I’m new to the forum, and have scanned over some general information that I’ve found on here, but just wanted to ask a personal question about my own floaters.
I’ve done a little bit of research this morning, and would say I’m fairly familiar with what they essentially are. I first noticed my floaters several years ago… I would say probably while I was in my early to mid teens, and am now 21 years old. I’ve read on a few different informational websites that often floaters can clear up or fade with time, but I haven’t noticed any visible difference in mine over the past 5+ years. That is to say, they haven't really faded but they haven't gotten worse or more numerous since I first noticed them.
They aren’t very inhibitive, and I really only notice them when I think about them, or on rare occasion when I'm trying to read - and I read often. For example, I haven’t noticed mine in probably a month now, but thinking about them today I can see them everywhere.
I have them in both eyes, however, and would say I have approximately 4 small dots in each eye as well as a larger, more prominent one in the left [like a large dot with a long “tail” on it].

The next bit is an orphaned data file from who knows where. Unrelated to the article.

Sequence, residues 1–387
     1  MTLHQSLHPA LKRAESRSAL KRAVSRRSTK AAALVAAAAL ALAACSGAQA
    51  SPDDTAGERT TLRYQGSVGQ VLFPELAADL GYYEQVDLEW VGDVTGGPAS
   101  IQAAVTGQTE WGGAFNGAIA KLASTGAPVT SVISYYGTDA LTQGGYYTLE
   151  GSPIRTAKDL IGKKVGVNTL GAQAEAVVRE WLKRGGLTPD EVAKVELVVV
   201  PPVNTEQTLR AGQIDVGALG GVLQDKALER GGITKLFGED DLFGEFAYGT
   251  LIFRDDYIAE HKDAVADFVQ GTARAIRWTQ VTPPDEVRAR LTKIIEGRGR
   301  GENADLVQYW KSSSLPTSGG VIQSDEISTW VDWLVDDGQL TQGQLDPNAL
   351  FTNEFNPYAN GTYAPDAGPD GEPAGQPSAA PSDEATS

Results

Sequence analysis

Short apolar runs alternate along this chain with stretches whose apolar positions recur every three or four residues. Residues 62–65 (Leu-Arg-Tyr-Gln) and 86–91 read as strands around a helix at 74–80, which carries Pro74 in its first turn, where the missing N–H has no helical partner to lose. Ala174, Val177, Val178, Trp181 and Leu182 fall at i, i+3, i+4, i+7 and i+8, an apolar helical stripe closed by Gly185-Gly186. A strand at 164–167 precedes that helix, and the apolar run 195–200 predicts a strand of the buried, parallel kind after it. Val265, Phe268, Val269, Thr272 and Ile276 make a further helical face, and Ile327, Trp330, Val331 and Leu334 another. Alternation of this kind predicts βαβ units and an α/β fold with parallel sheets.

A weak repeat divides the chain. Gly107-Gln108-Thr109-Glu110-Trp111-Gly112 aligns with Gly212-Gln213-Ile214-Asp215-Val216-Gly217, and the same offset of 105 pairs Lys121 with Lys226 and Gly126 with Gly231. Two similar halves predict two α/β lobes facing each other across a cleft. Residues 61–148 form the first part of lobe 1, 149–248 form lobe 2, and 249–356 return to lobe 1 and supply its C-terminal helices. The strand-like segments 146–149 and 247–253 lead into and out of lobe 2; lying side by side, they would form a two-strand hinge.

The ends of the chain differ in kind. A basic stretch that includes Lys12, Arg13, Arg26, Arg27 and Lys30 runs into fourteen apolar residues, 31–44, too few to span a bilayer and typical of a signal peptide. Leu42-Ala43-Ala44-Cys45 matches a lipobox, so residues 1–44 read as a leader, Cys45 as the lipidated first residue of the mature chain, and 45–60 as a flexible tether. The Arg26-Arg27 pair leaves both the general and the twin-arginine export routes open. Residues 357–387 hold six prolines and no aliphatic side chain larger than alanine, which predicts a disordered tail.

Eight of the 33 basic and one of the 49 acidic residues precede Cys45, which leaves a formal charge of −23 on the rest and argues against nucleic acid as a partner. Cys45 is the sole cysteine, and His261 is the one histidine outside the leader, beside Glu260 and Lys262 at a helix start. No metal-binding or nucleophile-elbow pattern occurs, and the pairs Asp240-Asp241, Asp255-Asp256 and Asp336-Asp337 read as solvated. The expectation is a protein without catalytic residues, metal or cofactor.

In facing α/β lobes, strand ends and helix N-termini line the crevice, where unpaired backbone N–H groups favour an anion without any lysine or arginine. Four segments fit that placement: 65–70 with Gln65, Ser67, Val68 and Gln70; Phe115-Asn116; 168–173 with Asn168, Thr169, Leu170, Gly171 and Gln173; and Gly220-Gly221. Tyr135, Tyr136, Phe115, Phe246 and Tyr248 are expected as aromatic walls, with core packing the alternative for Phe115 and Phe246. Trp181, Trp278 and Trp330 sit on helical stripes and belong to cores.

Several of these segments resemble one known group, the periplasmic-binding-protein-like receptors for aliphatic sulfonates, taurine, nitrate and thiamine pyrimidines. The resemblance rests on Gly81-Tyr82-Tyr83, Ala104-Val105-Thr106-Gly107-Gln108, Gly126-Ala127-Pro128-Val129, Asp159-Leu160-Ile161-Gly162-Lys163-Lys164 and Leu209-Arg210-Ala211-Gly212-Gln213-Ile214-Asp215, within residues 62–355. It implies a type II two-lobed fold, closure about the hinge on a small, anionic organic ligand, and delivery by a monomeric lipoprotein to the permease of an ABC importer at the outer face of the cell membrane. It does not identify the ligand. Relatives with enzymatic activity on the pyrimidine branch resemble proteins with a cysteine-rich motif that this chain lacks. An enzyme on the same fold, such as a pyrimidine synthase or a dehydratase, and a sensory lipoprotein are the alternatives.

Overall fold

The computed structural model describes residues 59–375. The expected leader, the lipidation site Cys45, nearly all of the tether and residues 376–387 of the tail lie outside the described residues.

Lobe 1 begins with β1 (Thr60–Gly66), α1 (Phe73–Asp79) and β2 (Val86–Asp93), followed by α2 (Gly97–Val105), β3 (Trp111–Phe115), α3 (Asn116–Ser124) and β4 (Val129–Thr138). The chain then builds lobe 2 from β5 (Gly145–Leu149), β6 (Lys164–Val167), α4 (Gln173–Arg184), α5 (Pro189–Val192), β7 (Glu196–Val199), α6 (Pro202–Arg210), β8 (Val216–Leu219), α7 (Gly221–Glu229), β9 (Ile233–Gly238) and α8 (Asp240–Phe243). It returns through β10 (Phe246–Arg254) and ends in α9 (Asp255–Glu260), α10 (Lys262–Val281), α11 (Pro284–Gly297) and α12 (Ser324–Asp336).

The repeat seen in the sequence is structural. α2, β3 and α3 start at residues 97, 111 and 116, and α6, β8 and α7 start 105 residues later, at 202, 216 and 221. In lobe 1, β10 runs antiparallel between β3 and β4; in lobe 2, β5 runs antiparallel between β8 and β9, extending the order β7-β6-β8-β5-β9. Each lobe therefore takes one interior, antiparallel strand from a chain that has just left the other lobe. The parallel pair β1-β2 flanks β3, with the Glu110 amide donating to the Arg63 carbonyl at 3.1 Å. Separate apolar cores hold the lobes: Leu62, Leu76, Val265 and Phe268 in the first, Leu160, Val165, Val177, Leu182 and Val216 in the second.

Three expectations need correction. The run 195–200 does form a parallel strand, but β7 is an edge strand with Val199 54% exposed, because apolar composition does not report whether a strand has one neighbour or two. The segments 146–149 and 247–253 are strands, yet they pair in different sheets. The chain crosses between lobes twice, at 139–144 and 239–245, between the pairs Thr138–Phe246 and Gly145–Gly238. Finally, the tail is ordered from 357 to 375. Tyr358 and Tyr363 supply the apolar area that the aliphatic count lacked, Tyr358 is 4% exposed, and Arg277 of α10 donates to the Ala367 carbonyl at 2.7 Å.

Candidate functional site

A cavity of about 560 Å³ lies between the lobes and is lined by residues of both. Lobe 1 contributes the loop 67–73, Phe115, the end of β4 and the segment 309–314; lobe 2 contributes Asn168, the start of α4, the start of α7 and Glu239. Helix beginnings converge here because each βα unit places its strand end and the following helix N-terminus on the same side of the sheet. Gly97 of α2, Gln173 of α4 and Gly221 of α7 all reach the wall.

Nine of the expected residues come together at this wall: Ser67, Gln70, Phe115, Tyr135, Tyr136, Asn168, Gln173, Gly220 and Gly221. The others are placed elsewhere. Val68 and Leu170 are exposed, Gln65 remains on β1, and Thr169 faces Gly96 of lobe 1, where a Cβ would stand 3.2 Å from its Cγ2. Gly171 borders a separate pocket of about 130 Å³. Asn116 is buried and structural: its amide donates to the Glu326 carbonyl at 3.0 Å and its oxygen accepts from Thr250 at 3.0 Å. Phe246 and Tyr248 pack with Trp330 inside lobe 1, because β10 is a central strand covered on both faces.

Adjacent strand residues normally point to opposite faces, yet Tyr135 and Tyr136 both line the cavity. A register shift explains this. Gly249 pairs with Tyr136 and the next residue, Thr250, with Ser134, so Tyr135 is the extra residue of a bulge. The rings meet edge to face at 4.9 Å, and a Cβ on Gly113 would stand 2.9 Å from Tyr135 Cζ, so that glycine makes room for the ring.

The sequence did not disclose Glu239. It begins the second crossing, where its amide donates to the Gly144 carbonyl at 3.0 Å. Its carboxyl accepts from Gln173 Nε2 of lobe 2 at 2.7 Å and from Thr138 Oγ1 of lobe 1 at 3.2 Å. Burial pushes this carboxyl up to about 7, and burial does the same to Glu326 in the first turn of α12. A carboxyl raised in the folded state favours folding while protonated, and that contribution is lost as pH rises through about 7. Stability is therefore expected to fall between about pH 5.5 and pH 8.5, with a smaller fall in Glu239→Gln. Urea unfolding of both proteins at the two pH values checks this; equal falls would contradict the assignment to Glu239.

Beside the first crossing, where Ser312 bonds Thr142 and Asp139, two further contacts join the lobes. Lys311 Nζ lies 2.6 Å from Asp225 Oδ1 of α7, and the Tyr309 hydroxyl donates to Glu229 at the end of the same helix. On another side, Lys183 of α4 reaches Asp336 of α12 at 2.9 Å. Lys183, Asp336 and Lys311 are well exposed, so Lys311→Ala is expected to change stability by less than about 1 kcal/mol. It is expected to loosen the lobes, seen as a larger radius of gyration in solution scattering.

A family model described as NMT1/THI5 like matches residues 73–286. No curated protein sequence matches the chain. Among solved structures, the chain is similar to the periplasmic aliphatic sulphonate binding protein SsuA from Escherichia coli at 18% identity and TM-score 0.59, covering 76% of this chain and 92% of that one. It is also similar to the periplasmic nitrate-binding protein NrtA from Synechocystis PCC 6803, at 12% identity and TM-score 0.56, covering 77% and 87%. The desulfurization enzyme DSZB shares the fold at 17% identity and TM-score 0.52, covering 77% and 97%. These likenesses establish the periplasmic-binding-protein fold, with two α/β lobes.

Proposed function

I have perfect natural vision as of a test I had a year and a half ago, and am confident that this isn’t a diabetes-related issue either.
Basically, what I’d like to ask is: is the number of floaters I have [I’d say eight-to-ten noticeable in total, or thereabouts] a “normal” amount? Is it something I should be worried about or just take as “one of those things”? [I also have tinnitus in my right ear].
I’m scheduled for an eye test in September, but was wondering if it’s actually the optometrist I should speak to this about or my doctor?
Sorry if this was a bit all over the place!
Just one further, as well. My father-in-law had surgery to remove a cataract last year, and last week said that he now had what he described as "a black hair" in his vision, and seemed a little concerned that it could be a sign of diabetes. From the research I've done today I have read that cataract surgery can cause them, but should I tell him to get it checked out anyway just to be on the safe side, rather than assuming?
First its not normal for a 21 year old to have tinnitus and if you have not had this evaluated by an otolaryngologist (Ear nose and throat physician) it is extremely important to do so.